Shit, I was lit. An album?! That n*gga said we got an album! I was at a show in another state. He said “come to Atlanta! Come to my house.” He ended up shooting me some shit, I shot him some shit. We went back and forth all night. We recorded the whole album in Atlanta, Dallas, and Houston.

What’s the energy like in the studio? Do you freestyle everything?

We freestyle everything, we don’t write nothing. If you listen to the album, you can tell. If he starts the song off, then I’ll go in there and finish it. Or I’ll start the song, he’ll go in there and finish it. If he puts something down for us, I’m wiping it down. I’m zoning in, I’m listening. Vice versa, he does the same thing.

The energy, we’re in there turnt up. We’re working! I’ma feed off him, he feeds off me. We’re in that shit rocking. “Come on. Let’s get it.” Boom, “go in there.” He’ll drop something, “go in there and sing this part right here.” Vice versa, I do the same shit. If we’re in there, it’s up. You might be up till 6 in the morning. No sleeping, start at 8pm and end at 6am.

How was recruiting Desi Banks for the “Apartment” visual?

That shit was smooth man. See, Boosie didn’t know I was gon’ do that. I snuck and did that. Boosie had a show, he came to the city and I took him to my hood. We shot the video, that was it. He thought everything was done. Desi Banks had to come to the city too. He’s always talking about “parlaying apartments,” my video’s called “Apartments.“ When he came out here, [phone ring sound].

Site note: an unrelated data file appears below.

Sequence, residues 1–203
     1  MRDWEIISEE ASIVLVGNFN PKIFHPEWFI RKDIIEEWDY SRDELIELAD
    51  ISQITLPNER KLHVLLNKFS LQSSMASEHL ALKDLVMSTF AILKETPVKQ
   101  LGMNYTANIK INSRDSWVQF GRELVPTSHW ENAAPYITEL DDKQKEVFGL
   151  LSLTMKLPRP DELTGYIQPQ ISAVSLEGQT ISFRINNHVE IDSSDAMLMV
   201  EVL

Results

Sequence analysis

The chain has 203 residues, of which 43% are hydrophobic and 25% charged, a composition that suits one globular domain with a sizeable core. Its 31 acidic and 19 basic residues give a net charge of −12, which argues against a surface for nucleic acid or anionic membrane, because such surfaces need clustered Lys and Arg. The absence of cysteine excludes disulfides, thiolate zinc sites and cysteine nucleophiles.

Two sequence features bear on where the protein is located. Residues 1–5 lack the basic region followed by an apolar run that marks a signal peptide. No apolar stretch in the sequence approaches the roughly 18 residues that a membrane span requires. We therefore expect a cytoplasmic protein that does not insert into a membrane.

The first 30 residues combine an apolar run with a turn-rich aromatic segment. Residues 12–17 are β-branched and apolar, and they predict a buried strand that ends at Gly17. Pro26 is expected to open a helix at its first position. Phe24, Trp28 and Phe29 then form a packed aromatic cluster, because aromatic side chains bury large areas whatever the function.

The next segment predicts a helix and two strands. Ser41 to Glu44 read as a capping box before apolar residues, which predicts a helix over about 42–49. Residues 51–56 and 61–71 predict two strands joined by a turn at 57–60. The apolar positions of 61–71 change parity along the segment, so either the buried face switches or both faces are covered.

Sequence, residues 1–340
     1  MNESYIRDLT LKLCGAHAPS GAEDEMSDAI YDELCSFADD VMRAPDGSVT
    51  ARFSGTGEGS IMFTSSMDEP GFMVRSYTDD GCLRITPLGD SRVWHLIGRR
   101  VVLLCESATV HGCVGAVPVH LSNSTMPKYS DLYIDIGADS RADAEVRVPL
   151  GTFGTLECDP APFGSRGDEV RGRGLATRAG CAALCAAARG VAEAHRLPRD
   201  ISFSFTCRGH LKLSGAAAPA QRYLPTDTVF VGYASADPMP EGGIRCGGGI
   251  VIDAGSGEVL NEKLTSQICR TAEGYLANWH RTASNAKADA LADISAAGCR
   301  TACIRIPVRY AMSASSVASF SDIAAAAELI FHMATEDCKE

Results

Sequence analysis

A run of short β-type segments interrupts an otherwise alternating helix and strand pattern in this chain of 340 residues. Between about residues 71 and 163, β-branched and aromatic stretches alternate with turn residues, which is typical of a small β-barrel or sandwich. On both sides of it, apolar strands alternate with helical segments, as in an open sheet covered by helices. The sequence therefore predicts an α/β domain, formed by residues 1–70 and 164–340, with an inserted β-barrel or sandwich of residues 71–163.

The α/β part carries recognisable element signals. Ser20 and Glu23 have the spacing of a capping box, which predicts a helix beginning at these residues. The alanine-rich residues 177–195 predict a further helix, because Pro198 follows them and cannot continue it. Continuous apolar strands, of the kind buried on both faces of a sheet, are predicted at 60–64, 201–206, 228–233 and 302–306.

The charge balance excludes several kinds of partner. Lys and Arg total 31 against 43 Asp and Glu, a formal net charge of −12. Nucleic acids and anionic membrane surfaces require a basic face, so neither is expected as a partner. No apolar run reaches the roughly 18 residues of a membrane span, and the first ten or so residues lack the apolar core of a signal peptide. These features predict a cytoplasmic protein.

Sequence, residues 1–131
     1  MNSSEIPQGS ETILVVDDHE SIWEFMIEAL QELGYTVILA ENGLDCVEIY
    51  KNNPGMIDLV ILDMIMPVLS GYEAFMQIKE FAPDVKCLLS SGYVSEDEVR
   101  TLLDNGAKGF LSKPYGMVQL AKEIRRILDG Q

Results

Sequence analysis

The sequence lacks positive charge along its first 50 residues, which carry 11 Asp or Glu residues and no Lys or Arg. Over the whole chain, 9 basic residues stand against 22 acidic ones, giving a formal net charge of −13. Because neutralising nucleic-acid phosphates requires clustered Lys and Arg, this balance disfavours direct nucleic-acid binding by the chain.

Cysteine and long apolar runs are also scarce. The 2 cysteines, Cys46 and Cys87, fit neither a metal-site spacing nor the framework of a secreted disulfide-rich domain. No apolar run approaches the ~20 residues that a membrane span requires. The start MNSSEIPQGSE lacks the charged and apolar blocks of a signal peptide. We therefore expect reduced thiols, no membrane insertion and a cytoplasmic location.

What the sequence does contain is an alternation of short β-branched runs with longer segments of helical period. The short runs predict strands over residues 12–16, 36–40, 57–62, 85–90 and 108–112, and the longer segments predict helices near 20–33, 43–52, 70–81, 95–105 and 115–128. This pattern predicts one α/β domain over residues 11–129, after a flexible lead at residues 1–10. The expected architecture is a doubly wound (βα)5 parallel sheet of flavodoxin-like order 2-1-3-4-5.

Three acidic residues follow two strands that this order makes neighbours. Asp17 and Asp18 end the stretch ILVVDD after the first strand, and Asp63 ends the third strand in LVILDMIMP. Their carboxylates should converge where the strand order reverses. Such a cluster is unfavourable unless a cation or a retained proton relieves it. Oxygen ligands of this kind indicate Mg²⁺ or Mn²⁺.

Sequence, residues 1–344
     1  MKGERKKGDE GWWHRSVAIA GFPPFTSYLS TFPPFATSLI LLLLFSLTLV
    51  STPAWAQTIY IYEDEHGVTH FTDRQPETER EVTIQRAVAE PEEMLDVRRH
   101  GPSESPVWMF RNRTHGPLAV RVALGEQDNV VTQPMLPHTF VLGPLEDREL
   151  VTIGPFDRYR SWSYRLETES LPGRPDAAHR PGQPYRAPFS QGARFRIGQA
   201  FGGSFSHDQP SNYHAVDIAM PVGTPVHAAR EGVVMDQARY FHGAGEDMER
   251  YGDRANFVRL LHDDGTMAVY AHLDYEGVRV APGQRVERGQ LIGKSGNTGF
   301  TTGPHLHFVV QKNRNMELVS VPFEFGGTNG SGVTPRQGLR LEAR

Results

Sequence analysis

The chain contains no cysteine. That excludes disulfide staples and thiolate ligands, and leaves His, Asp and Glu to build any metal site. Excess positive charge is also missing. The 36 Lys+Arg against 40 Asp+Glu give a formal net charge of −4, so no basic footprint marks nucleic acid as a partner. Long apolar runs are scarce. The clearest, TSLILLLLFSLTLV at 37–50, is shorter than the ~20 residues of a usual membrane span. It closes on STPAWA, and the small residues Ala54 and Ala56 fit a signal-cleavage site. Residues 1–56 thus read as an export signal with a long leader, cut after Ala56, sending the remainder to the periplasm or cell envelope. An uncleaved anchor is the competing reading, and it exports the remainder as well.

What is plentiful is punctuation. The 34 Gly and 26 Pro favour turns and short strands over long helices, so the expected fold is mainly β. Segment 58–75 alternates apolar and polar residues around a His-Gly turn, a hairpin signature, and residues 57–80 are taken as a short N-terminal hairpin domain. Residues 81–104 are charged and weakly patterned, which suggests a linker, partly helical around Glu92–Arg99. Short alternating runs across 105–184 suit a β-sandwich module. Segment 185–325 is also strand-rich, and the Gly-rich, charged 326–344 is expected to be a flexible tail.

Desi was just in Dallas?

He had a show out there already. I hit his people up and we linked up. Desi’s cool too, he’s the homie. He’s real funny. I told you, I relate to Boosie. In a comedian’s world, it’s the same thing as Desi. There’s a difference when you have a comedian there who’s just telling jokes, saying anything to make you laugh. That’s cool. But when you have Desi Banks willing to tell you what’s going on and make it a joke — how we struggled, he made it a joke.

So it’s extra funny. It hits different like “man, we really over here doing it.” He makes it a joke. That’s why I fuck with him, I had to. Before the song even came out, I already had the video in my head. The song wasn’t even out yet. I replayed the beat like, “I’ma put Boosie on there. Then when we shoot the video, I’m going to get Desi Banks.” I was saying that on the sprinter.

How did you build your Instagram following? 

From the ground up. From the concrete, no internet. I tell all artists, don’t build your brand off the internet. I built it publicly. I had no followers on Instagram. People used to think my numbers were fake. They’d say “how’d you get 2 to 3 million views on a video, but only got 12K followers on Instagram?” I didn’t even know how to work IG. All I cared about was YouTube and Facebook.